I enjoy the foliage in the fall. Living in the tropics, the change of foliage and colours is a rare sight for me but I can imagine the experience of transiting from season to season, and the freshness that comes when spring finally takes over the dormant, icy winter. Everyone welcomes the new sprouts and pleasant weather in spring. The seasonal renewal is always refreshing and often anticipated. Yet, why do the renewal and transformation of lives, thoughts and hearts seem impossible to many?
It is not difficult to see how our anticipation and belief are often battered and bruised by daily and past disappointment. Think about that child whom we are nurturing, or the spouse whom we are trying to change for years, or that co-worker who often takes our stationery without returning. And how about the mother, wife and colleague who never see the change in them? Often, we are the ones who need to be transformed. We need to alter our thoughts from what is to what it could be. Indeed, transformation requires a radical imagination which may at times clash with our expectations that are shaped by past experiences or societal norms. What is holding you back from transformation?
Recently, together with a group of friends, I visited an old teacher from school. She is the liveliest and humorous 80-year-old I have met. At 80, she enjoys going on cruises, hosting gatherings at her home and playing the ukulele, a hobby she took up just 4 months ago. In her, I see a willingness to embrace the now, and the courage to adopt new ideas and perspectives. This does not come without challenges as she has to deal with living on her own, accepting her children having a life of their own and being the supporter who encourages her children to pursue what they want in life. Transformation can take place regardless of situation. Yet, it is not a given. It has to be pursued.
“There’s a sound to breaking waves when they’re close, a sound like nothing else.” The opening lines of “The Salt Path” echoed the tumultuous events that swept Raynor Winn and her husband, Moth, from the depths of despair to find triumph and hope.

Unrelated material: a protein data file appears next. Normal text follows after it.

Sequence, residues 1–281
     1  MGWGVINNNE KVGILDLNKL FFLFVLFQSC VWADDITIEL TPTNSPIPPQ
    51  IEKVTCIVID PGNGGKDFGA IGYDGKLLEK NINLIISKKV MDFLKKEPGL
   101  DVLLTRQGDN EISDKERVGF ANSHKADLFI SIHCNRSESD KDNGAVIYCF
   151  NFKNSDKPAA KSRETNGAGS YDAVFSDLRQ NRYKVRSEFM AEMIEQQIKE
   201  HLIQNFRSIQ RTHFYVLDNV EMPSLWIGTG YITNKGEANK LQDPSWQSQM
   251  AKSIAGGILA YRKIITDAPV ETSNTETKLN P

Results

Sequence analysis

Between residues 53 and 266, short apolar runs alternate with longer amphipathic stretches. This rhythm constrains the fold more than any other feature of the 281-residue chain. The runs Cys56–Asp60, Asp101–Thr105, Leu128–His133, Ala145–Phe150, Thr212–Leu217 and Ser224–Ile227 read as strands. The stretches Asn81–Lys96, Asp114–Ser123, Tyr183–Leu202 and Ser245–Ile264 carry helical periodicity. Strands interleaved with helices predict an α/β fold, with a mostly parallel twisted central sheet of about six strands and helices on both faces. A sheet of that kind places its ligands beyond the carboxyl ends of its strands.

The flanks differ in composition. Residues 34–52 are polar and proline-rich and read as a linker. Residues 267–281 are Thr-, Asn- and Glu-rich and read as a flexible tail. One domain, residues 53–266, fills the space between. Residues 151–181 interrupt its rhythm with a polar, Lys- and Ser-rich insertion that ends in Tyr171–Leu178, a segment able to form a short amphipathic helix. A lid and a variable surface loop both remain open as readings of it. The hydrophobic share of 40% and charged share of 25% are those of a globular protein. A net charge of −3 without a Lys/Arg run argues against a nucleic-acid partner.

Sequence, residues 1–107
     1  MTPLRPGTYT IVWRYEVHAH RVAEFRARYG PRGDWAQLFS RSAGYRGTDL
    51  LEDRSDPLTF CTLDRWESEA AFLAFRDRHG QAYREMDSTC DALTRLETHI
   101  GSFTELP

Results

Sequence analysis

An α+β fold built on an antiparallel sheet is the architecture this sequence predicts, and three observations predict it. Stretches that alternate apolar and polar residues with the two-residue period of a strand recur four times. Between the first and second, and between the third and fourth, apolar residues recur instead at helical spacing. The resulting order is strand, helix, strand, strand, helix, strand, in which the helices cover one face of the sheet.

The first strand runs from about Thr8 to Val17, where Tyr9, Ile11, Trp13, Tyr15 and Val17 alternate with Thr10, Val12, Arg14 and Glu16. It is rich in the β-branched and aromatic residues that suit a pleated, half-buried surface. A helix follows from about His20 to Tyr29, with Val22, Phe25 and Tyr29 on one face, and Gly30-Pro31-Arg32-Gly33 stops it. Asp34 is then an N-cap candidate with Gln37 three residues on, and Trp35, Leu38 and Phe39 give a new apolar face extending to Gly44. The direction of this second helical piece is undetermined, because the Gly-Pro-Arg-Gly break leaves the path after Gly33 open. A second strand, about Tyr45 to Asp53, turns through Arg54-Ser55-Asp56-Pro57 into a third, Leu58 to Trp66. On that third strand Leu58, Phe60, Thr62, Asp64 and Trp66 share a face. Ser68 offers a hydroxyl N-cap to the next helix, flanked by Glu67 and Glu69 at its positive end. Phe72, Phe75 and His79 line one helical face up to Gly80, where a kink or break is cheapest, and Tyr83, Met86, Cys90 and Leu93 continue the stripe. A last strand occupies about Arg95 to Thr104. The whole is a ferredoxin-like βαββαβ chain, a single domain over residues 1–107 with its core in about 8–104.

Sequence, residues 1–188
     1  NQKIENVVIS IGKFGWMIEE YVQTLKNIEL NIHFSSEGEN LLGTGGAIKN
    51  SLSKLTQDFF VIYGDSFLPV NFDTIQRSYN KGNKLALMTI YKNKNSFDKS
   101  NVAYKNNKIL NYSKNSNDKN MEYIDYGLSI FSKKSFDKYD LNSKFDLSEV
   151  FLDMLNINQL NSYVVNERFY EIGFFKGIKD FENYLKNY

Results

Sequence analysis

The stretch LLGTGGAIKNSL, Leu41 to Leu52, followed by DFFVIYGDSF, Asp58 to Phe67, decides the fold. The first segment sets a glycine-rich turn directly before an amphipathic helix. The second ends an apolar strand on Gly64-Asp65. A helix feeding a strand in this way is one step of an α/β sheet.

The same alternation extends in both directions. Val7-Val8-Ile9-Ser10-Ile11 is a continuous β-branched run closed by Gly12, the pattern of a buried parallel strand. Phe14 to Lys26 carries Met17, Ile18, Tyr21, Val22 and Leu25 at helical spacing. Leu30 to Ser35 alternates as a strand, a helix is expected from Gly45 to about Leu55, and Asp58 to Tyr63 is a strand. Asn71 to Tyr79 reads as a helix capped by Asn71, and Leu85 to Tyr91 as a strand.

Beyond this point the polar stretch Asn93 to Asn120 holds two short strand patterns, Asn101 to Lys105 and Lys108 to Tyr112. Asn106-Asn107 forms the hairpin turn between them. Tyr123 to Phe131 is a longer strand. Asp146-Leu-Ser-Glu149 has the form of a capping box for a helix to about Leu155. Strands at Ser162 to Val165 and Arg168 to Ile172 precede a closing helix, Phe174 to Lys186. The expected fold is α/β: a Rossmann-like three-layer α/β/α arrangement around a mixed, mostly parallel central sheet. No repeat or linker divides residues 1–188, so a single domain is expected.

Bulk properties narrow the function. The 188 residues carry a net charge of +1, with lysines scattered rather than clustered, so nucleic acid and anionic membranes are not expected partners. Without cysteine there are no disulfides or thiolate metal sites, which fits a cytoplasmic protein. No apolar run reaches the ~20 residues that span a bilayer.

What would you do if you are in your 50s and you hit rock bottom? This true gritty memoir traces the courageous steps that the couple took when they became homeless after losing their farm and livelihood. With their dreams further shattered when Moth was diagnosed with terminal illness, they decided to walk – “if we made that first step we had somewhere to go, we had a purpose.” Hence, “we could just walk,” became the motivation for their travel narratives, as they braved a 630-mile costal walk along the South Coast Path of England.
Uplifting and heart-warming, their adventurous tale takes you along dramatic landscapes, and introduces you to the myriad people they met along the path. A walk that started on a path into the unknown began to gradually chart its course inward, revealing an inspiring and miraculous human strength and capacity for endurance.
“The Salt Path” contains gems about life, people and home. Most people do not give much thought to the meaning of “home,” when they have shelter over their head. Raynor rediscovers the meaning of home as a “state of mind, it’s what makes you feel safe – and you don’t need walls for that.”
The book’s accolades include The Sunday Times Bestseller, winner of The Royal Society of Literature Christopher Bland Prize and it is shortlisted for the 2018 Costa Biography Award & Wainwright Golden Beer Book Prize 2018.
Crayon etching and design is inspired by the artwork of Sawako Ura, a Japanese textile designer who is based in Finland. Her masterpiece is made by drawing and shaping like a “scratch painting” using crayons and toothpicks.
Here are some simple steps on how you can create your own masterpiece:
These are the ingredients that you will need:
Suggestions to prepare the ingredients this way:
Note: You may substitute with Soba noodles.
Note: Heat 2 tbsps of olive oil in a pan, quick-fry chopped garlic. Sauté the Pea Sprouts and Shitake mushrooms.
It was an eye opener diving deeper into the Japanese culture and its way of life.
As an artist and design student, I love experiencing new things, getting inspired by everyday scenarios and experiencing different ideas and possibilities. Hence, I pushed myself to discover new places in Tokyo such as staying in a capsule hotel for a night and immersing in the thrifting culture.
Staying in a capsule hotel was both thrilling and scary, being my first time staying on my own in a foreign country. The checking in process was very smooth. I went up to my pod and was pleasantly surprised by how spacious it was. Unlike the horror stories I heard, the capsule hotel went above and beyond my expectations. I did not hear a sound from the other pods throughout the night. The quiet factor was a plus point and I was well rested.
The thrifting culture is much more prevalent in Japan as compared to Singapore. The thrill of discovering a flea market happening on the weekend was a great feeling. The actual process of traveling and walking through the flea market was even better! The best part of the trip is when you rampage through a pile of clothing to find a gem at an insanely low price! I hope Singapore could adopt and cultivate a community as such to help with the fast fashion situation.
These small trips around Tokyo was the inspiration for my latest series, "Animal Attac" that was showcased at Yellowren Japan. I hope to be able to visit Tokyo again to explore more nooks and crannies.